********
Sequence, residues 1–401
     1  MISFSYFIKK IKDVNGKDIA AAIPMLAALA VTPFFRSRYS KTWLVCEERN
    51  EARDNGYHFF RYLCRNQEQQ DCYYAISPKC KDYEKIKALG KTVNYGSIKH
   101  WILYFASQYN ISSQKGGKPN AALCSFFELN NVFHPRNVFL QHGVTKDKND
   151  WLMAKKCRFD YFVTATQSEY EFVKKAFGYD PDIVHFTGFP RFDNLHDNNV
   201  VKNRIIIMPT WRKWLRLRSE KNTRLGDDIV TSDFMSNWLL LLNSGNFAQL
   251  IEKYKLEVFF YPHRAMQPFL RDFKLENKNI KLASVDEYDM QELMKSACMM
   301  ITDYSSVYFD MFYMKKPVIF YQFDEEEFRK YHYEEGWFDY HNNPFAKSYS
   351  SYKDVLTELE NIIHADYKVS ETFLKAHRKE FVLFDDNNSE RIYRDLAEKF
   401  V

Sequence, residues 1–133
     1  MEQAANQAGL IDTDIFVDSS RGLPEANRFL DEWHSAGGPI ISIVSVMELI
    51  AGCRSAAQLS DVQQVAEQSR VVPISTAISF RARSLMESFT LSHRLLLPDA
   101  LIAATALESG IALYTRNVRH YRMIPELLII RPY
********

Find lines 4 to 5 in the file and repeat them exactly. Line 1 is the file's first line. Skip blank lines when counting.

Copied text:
   101  WILYFASQYN ISSQKGGKPN AALCSFFELN NVFHPRNVFL QHGVTKDKND
   151  WLMAKKCRFD YFVTATQSEY EFVKKAFGYD PDIVHFTGFP RFDNLHDNNV